The mid-term elections are just a few days away, and the GOP is expected to take some heavy losses, but for some the finger-pointing can't wait until afterward. Via Volker: David Rose previews an upcoming Vanity Fair article in which the pillars of the neocon movement point the finger of blame at George W. Bush for the ongoing disaster in Iraq.
It was their idea, fully consistent with their focus on using American power to project freedom and democracy, by force if necessary, in order to advance American interests. And it was the right idea they still say, but Bush botched it. They're half right. It wasn't the right idea. It was a terrible idea, and the blame should be placed squarely on them for that... but Bush did botch it.
He's botching his global war on terrorism, too. And before anyone posts a comment about the fact that there hasn't been an attack in the US since September 11, 2001, I suggest you re-read the previous sentence, with the emphasis in the right place: the global war on terrorism. That's Bush's own description, and there is no question at all that global terrorism has been increasing. Either the "global" part of Bush's war on terrorism is a sham, or he's botching it... or both.
I can't wait for Tuesday. I'm not convinced that it will be as big a Democratic win as many believe it will be, but I'm ready to cast my vote to start restoring rationality and competence to our government.
1. Bruce Perry11/05/2006 12:01:59 AM
I'm hoping the Democrats can at least take the House. The Senate would be nice too, but that's looking less likely from what I've read.
Proponents of the Iraq war have failed to explain how it helps in the global war on terror. Has it reduced Islamic extremism? Has it captured Osama, the architect of the 9/11 attacks? Has it reduced terrorist access to nuclear materials worldwide? Has it helped secure our ports and borders? Has it given us leads on the anthrax attacks?
I'd argue that the Iraq has pulled resources away from all these things. BTW, in case anyone is curious, I thought the war in Afghanistan was justified.
2. John Head11/05/2006 12:00:43 PM
You should read this: http://www.ornery.org/essays/warwatch/2006-10-29-1.html
very well written and speaks to my thoughts.
3. Ian Randall11/06/2006 10:25:20 AM
The biggest problem in Afganistan is not terrorism, it's opium.
If the US was really serious about tackling global terrorism, they would get out of Iraq and tackle terrorism in Pakistan. Do you really want terrorists to get their hands on an Atom Bomb? or gain control of one of the largest military forces in the world.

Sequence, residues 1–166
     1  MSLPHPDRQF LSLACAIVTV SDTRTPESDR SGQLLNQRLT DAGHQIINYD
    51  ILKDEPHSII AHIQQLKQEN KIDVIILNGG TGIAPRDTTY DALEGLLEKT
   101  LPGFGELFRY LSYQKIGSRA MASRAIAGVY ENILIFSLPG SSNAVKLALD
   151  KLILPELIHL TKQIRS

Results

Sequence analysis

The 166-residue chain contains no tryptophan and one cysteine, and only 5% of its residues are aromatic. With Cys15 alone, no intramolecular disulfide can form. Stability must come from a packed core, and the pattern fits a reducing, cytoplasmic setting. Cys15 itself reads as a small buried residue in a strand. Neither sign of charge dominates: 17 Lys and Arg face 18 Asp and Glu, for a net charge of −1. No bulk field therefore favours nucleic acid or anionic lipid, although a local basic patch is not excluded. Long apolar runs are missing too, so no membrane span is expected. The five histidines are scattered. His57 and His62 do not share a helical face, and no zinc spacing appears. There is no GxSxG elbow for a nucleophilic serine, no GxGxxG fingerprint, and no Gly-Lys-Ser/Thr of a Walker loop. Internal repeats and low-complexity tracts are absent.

However, US Voters should really focus on how badly the Bush Administration has mishandled the US Domestic fiscal policy and it's total failure to address global warming. Bush has managed to F#@k both the US economy and the environmental future for future generations.
The US Senate has sanctioned the Bush Administration's use of torture and the abandonment of human rights for both domestic and foreign nationals and have become the thing they fear the most, international terrorists.
All US voters have a moral obligation to vote this Government out on its arse. If you don't, you only have yourselves to blame.
4. Bruce Perry11/06/2006 11:51:16 AM
@2, Orson Scott Card is a fine SF/fantasy writer. I've read and enjoyed many of his books. That essay, however, is pure fantasy.
He starts badly. He claims to be a Democrat, yet claims that Democrats can't be trusted with power just now. If Democrats are so untrustworthy, why does he claim to be one?
He claims Bush is a moderate and that current policy is deliberately designed to prevent various Islamic factions from uniting against us. I can't believe that. Try reading "Fiasco"; the known facts just don't support that conclusion.
Card's major problem seems to be that he overestimates the number of people out to get us. Plus, he never explains to my satisfaction why the Iraq war will help stop them. They weren't in Iraq.
Containment and diplomacy worked against a major threat during the cold war. I don't see why it won't work now.
In conclusion, if we want more democracy worldwide, we need to live up to our own ideals.
5. Richard Schwartz11/06/2006 01:51:51 PM
@3 Ian: Agree, though I wouldn't focus exclusively on Pakistan. I doubt you would either.
@2 John: The most glaring flaw in that thinking is assigning zero chance of arriving at a "winning" scenario if the Democrats gain control. The only basis for doing that would be to unquestionably accept the Bush administration's definition of winning -- which the Democrats do not accept, and which I would argue they can not accept since the Bush administration has not actually defined what winning is. The next most glaring flaw is that it ignores the possibility (which Democrats will argue is a probability bordering on certainty!) that continuing to pursue the Bush administration's policy objectives under their (incompetent) management will actually make things much worse, making the downside so large that the "expected return" (the term used in properly evaluating probabilistic questions) on the GOP policy is still worse even if one does accept the assertion that the GOP policy gives at least a chance of victory whereas the Democrats give none. It ignores the possibility that the Democrats will keep the situation from getting any worse, whereas the GOP has a one percent chance of victory but a 99% chance of arriving at ten years time at a global hot war between with an Islamic caliphate led by nuclear Iran and Pakistan allied against the West.
6. Charles Robinson11/06/2006 02:35:34 PM
Card should stick to fiction. He writes it well.
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